. this country. These get into general circulation, and after a time, entirely
disappear; but the remarkable fact is, that, like the swallows, nobody knows
where they go to. It is proved that, were it possible to recall these lost
articles, a quantity might be collected sufficient to build the projected foot-
bridge at Hungerfbrd Market, and the residue might be cast into one enor-
mous pin, which should be erected as a column in any part of London best
suited for its elevation, and to be called Victoria's Pin," in opposition, to
" Cleopatra's Needle," at Alexandria. There would be a winding staircase in
the interior, with a saloon in its head, and it might serve, not only as a land-
mark in stormy weather for the fourpenny steamboats plying between Vaux-
hall and London Bridge, but, since the setting up of statues to everybody
that dies is getting into fashion, the column could be crowned with an image
of Shakspeare, Byron, or any other inferior character who has not yet been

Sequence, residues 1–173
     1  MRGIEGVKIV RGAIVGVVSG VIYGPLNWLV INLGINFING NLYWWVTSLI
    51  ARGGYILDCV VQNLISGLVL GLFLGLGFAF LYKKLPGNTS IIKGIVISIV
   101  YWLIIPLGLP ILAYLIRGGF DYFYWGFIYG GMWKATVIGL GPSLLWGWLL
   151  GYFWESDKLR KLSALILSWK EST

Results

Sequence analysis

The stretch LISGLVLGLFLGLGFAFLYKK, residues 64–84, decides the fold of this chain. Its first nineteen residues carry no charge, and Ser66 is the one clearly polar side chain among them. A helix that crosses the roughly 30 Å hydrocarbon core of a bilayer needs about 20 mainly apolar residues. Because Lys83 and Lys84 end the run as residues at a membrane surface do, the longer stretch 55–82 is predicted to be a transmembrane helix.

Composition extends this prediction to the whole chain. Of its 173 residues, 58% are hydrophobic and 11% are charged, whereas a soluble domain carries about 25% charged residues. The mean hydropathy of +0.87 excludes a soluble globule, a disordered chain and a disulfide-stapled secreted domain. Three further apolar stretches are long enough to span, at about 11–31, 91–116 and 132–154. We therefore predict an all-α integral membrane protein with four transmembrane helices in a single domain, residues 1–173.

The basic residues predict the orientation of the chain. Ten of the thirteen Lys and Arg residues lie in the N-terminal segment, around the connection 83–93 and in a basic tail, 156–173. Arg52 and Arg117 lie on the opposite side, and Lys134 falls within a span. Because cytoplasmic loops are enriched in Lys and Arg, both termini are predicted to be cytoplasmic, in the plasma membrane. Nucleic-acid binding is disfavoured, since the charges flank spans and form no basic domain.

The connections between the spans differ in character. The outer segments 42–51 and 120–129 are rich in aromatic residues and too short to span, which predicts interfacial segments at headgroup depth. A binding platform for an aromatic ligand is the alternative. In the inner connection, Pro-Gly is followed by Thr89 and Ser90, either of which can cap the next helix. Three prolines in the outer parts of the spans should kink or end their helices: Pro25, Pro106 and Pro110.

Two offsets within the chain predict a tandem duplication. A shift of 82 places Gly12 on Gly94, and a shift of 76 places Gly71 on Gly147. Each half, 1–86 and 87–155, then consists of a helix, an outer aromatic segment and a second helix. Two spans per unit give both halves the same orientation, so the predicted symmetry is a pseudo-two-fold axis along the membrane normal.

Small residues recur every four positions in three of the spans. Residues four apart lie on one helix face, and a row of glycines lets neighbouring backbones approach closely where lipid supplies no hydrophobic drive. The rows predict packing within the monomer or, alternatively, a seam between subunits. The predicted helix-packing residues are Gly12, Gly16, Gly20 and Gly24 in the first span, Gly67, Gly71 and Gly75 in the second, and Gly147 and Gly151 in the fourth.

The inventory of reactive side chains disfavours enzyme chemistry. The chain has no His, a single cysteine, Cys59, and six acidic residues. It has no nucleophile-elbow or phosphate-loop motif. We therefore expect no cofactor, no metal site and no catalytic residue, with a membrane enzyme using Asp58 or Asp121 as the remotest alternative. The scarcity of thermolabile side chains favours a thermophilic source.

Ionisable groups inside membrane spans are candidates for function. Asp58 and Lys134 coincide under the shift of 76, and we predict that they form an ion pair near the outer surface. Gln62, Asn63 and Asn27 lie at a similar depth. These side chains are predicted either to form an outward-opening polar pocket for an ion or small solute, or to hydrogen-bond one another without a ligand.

so honoured, in London, beyond the lobbies of the theatres and Madame
Trom the visiting report On the Lunatic Asylums of the United King-
dom," we learn that the persons of unsound or slightly cracked intellects in
England, amount to ninety per cent., but that straight-waistcoats have gone
out of fashion, being superseded by straight pea-jackets with the majority
of the aberrated. Of a great quantity of lunatics now in Bedlam, five out
of thirteen are addicted to punching the crowns out of their hats, and then
putting them on topsy-turvy; and two in seventeen are not quite clear
whether they are the Secretary of State or Julius Cesar, but collect small
pebbles, which they call petrified bears' heads and five-shilling pieces.
Ninety-one and a half per cent. believe they are perfectly sane, and that all
the rest are stark mad; whilst two in nine are preparing to bring an action
against the Queen for breach of promise of marriage. Of three hundred